Posted by Gurwant on (March 25, 2011, 21:00 GMT)

a great article. Ricky has won hearts of many cricket lovers..........

Posted by   on (March 25, 2011, 20:24 GMT)

Au Revoir Ricky !!! Your contributions to the game of cricket will fondly be remembered, and your presence be missed....

Posted by kaka_messi on (March 25, 2011, 19:23 GMT)

A great article. A majority of the cricketing world wrote Ricky Ponting off, they slated him for the last 18 months or so saying that 'he is finished', 'pontings a goner' but the reality is he has just shut up all of his critics. Whichever stats you look at for batsmen, Ricky Ponting is never too far from the great Sachin Tendulkar which goes to show how great a player he is and those who wrote Ponting off are fools. As Sambit said it wasn't the easiest pitch to bat on, it wasn't an ordinary game he was playing in - it was the quarter finals against the mighty Indians and he delivered. It was not long ago that Sachin was going through a bad patch and people wrote him off - what fools and they did not learn this time either. Form is temporary BUT class is permanent.

Posted by   on (March 25, 2011, 19:11 GMT)

Ricky Ponting started out as a brat, but used his brashness to become one of the game's greatest cricketer and a champion world cup performer. Despite his fallacies, he remains one of the game's icons. We all saw what he is made of y'day. Well done Ponting, We will miss you!!

Posted by   on (March 25, 2011, 19:10 GMT)

Ricky Ponting started out as a brat, but used his brashness to become of the game's greatest cricketer and a champion world cup performer. Despite his fallacies, he remains one of the game's icons. We all saw what he is made of y'day. Well done Ponting, We will miss you!!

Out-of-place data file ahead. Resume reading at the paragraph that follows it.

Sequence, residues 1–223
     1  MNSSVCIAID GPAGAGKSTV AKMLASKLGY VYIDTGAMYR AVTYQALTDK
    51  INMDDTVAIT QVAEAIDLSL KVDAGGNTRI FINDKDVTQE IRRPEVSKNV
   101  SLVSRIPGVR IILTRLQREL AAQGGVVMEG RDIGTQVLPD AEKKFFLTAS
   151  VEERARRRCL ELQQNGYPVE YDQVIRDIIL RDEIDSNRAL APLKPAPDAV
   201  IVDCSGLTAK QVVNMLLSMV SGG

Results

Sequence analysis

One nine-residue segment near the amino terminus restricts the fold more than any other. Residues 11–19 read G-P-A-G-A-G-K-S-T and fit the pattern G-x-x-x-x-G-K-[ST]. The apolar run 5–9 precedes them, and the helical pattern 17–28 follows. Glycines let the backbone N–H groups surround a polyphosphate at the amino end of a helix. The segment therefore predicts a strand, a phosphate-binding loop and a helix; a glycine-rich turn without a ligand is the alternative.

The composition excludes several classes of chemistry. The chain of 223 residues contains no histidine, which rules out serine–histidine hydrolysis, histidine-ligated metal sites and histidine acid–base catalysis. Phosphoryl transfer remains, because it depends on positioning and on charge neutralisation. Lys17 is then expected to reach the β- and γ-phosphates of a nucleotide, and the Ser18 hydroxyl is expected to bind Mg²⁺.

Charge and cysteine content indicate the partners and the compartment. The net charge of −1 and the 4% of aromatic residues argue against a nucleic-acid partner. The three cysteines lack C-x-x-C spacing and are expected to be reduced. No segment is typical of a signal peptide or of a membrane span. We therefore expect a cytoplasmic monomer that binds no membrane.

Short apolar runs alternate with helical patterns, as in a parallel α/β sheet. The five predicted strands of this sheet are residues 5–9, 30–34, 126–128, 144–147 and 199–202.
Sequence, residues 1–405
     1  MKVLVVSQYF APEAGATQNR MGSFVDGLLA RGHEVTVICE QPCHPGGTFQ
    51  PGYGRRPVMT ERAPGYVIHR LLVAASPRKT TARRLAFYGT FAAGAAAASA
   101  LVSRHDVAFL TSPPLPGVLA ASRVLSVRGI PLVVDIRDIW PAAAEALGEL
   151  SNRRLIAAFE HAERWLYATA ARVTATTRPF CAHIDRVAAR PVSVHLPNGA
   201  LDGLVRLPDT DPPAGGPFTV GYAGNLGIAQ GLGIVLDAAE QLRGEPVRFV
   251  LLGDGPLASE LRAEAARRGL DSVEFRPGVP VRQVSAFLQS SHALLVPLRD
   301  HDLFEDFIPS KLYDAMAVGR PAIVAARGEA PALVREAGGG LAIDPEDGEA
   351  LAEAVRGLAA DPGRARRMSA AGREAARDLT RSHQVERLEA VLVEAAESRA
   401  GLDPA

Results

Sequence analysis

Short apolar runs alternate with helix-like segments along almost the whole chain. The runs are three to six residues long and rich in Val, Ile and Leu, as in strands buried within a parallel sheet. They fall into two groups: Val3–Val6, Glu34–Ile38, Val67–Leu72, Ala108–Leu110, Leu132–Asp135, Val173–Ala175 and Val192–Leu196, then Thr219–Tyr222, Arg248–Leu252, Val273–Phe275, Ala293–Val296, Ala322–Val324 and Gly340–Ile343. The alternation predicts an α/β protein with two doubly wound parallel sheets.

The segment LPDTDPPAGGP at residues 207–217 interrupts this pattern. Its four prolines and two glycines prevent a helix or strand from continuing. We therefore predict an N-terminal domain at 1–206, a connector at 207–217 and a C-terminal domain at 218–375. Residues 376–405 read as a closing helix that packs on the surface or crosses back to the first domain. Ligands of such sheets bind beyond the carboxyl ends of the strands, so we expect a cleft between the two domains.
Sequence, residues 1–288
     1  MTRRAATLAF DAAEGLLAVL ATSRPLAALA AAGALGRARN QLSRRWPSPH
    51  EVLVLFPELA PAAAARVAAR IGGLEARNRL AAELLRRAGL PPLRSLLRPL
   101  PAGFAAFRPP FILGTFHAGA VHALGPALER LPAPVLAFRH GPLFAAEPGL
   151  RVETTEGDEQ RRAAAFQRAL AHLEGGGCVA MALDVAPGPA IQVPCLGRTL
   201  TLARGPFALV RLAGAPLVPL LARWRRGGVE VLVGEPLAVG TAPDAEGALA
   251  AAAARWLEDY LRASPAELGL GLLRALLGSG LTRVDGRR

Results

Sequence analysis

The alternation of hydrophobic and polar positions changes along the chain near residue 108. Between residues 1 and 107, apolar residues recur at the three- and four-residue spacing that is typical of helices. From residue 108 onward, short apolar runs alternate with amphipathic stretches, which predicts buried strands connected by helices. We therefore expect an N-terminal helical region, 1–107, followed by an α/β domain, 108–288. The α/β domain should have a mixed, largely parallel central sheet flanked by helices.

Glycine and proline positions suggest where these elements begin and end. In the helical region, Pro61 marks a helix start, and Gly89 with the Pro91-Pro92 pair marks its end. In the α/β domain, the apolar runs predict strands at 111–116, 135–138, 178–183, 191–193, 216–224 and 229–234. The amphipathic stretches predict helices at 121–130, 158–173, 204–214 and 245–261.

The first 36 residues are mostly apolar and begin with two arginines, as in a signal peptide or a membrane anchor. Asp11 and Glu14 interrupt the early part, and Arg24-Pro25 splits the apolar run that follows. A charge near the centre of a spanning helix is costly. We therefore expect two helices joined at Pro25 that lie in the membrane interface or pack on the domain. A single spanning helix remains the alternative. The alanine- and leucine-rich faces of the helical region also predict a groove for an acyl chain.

Posted by m_ilind on (March 25, 2011, 19:08 GMT)

Hats off to Ponting, played like a true champion. Congrats to Dhoni and the entire Indian team for beating Aus. Team India can take a lot of positives and confidence from this victory!

Posted by   on (March 25, 2011, 18:47 GMT)

I totally agree with your views here. Sad to see the bashing that Ponting is receiving after the WC exit. He fighter like a champion true to his nature and was disappointing end to a WC career that has seen great heights in the past.

Posted by AndyZaltzmannsHair on (March 25, 2011, 18:30 GMT)

Why were Indian fans booing him at the end of the game? Disgraceful, and that coming from myself, a man who has never been too enamoured by Ponting.

Posted by Ravster_Xi on (March 25, 2011, 18:29 GMT)

thanks sambit - well balanced article

Posted by   on (March 25, 2011, 18:29 GMT)

Simply Great Player ........... If Mike Hussey could have played for 5 to 7 overs alongwith Ponting, we could have been thinking same about Tendulkar (Who by the way is luckiest person on earth right now as long as life Dunya is concerned).

Posted by   on (March 25, 2011, 18:23 GMT)

hats off... a legend dat will leave cricket n die as a LEGEND...

Posted by   on (March 25, 2011, 18:05 GMT)

Captaincy of Ponting is perfect instance for this line of Aristotle "Excellence is not an act but a habit".

Posted by omer123 on (March 25, 2011, 18:04 GMT)